New president of RAM aims to make difference in justice for children


By Paul Janczewski
Legal News

Shelly Spivack was born in Atlanta and grew up in the New York-New Jersey area, but she’s made her mark in Flint by being a successful attorney, a Family Court referee, and now the president of the Referees Association of Michigan (RAM), the first person to hold that title from Genesee County.

But fate brought Spivack to this area. After graduating from law school in New York, she saw a movie about the sit-down strike that led to national recognition of the United Auto Workers (UAW), and coincidentally landed a job with the Legal Services of Eastern Michigan.

“I had never heard about Flint, Michigan before,” she said.

Well, she now has a pretty good idea about Flint. And Flint has definitely heard of her. Spivack, 58, has become a community advocate for her work not only in legal circles, but also in civic and social organizations.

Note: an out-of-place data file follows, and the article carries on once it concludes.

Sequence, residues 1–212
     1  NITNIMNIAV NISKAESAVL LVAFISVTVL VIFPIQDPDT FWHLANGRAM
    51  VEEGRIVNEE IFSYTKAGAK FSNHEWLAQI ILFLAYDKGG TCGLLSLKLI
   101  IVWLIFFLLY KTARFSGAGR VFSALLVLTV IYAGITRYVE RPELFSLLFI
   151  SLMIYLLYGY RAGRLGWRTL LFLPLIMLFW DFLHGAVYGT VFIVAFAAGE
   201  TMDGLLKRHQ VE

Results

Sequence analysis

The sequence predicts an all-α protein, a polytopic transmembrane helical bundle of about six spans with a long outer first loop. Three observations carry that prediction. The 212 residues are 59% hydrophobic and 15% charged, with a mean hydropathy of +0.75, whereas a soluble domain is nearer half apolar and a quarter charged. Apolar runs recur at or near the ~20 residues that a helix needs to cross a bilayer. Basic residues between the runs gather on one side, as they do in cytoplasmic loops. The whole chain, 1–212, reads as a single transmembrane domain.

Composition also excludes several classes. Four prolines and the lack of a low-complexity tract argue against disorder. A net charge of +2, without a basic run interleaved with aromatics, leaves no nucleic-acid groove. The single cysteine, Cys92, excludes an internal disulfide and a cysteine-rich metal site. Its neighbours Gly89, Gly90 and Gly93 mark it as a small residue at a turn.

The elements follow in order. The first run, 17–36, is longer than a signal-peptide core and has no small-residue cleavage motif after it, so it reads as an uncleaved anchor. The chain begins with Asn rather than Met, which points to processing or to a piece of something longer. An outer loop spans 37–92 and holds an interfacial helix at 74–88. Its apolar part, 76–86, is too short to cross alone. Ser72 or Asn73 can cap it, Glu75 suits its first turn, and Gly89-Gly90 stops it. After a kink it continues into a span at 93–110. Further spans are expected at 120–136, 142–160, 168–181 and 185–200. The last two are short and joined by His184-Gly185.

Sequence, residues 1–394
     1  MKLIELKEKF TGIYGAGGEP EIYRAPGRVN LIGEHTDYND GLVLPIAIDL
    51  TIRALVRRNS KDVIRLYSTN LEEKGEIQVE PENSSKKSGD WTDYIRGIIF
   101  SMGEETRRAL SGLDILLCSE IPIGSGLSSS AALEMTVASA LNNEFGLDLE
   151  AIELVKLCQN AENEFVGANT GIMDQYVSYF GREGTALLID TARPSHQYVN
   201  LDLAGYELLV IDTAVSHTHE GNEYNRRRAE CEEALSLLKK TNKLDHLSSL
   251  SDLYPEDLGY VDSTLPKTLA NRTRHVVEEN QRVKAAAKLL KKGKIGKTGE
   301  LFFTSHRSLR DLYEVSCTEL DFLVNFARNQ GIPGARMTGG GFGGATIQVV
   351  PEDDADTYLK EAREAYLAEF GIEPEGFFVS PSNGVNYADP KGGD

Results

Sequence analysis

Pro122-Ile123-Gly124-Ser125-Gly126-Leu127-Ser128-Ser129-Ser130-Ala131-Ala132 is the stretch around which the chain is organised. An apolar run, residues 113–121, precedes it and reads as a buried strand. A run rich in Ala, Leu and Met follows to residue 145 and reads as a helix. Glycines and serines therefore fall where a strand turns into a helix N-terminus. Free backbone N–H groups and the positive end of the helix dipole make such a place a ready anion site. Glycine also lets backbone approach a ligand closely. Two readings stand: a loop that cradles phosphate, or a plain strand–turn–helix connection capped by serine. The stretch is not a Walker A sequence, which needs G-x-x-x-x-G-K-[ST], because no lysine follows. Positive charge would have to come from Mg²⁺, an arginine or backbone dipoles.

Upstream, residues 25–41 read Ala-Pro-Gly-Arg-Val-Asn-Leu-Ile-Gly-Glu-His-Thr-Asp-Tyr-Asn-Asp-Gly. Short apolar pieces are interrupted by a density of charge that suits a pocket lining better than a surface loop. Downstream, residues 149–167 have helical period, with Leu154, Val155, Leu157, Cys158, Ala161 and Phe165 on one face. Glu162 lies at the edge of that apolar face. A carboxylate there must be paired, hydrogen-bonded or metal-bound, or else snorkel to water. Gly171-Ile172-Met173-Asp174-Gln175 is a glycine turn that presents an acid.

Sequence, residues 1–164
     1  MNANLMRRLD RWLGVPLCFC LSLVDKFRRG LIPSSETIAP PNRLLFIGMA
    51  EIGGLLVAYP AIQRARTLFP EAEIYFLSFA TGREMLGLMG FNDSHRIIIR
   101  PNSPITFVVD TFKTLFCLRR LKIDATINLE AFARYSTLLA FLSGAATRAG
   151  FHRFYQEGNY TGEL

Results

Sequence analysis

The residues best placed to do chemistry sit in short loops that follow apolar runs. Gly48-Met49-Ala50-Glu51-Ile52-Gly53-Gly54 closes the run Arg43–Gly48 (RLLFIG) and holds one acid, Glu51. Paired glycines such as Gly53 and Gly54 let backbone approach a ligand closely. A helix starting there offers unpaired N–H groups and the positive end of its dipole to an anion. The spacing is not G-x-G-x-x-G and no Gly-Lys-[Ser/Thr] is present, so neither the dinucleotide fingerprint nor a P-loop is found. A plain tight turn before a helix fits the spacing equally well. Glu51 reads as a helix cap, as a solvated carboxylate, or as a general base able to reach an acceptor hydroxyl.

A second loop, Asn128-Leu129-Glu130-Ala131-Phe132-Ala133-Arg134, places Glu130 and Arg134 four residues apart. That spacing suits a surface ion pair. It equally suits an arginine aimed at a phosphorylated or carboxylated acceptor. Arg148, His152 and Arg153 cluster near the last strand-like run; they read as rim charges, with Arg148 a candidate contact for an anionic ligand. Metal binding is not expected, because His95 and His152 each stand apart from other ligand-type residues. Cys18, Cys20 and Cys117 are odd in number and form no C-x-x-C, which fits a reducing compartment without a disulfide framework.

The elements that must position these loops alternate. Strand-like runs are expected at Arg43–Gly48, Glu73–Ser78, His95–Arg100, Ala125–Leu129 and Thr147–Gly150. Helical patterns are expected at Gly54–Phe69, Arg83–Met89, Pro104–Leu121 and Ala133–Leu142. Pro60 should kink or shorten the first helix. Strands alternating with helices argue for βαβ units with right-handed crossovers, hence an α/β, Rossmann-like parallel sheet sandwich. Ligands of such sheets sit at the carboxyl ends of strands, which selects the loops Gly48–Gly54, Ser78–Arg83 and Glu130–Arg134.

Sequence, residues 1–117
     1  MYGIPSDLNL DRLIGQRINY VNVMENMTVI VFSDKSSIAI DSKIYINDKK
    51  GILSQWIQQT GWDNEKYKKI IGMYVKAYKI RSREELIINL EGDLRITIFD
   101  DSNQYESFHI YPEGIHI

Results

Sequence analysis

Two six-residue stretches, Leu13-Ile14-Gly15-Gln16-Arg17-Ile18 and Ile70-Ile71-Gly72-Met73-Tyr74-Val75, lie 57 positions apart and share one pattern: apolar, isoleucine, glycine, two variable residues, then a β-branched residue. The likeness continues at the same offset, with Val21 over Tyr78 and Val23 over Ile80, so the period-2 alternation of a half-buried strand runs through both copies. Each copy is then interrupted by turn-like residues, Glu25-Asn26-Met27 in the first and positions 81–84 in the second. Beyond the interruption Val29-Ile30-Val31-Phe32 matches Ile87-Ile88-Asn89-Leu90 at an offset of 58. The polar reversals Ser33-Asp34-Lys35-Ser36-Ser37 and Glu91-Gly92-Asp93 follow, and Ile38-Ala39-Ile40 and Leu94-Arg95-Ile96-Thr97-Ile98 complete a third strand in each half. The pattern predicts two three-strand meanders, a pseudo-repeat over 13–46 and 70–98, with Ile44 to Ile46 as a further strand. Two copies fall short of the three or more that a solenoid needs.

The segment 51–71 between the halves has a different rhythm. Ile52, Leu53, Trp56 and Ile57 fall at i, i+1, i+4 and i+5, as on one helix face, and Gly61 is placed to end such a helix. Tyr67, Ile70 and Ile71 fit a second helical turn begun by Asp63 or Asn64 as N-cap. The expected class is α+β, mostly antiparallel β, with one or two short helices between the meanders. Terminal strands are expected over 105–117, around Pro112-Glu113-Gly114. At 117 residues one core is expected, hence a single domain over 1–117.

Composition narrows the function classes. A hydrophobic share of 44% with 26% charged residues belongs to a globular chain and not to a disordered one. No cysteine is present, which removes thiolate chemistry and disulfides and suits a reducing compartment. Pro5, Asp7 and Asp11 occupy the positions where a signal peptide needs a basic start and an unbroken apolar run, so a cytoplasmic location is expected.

After graduating from Plainfield High School in New Jersey in 1972, Spivack had a slight interest in becoming an attorney.

“My Dad said I should think about it because I argued every point to the utmost, and he always encouraged me to do that,” she said.

But she abandoned those thoughts and entered college at Rutgers University in New Jersey. After graduating in 1976 with a degree in English, she moved to New York with a boyfriend and got a job teaching English as a second language at a Spanish-American Institute in Times Square.

“And that’s when I found out that’s all I could really do with my English degree,” she said.

Paid little more than minimum wage, Spivack loved the work but realized she needed to go back to school. The job did come with a plus for her by working with all the undocumented people – Spivack became socially and politically involved with issues of the day, which carried on throughout her life.

“I always had that feel to work toward social justice,” she said.

Spivack decided to enter the Brooklyn Law School in 1977. She knew right away that corporate or real estate law was not for her, but held an interest in labor law, so she worked for a law collective that specialized in labor and criminal law. Spivack had already done several internships during her first several years of law school – one in Denver with the National Lawyers Guild, working on police crime against the Mexican population.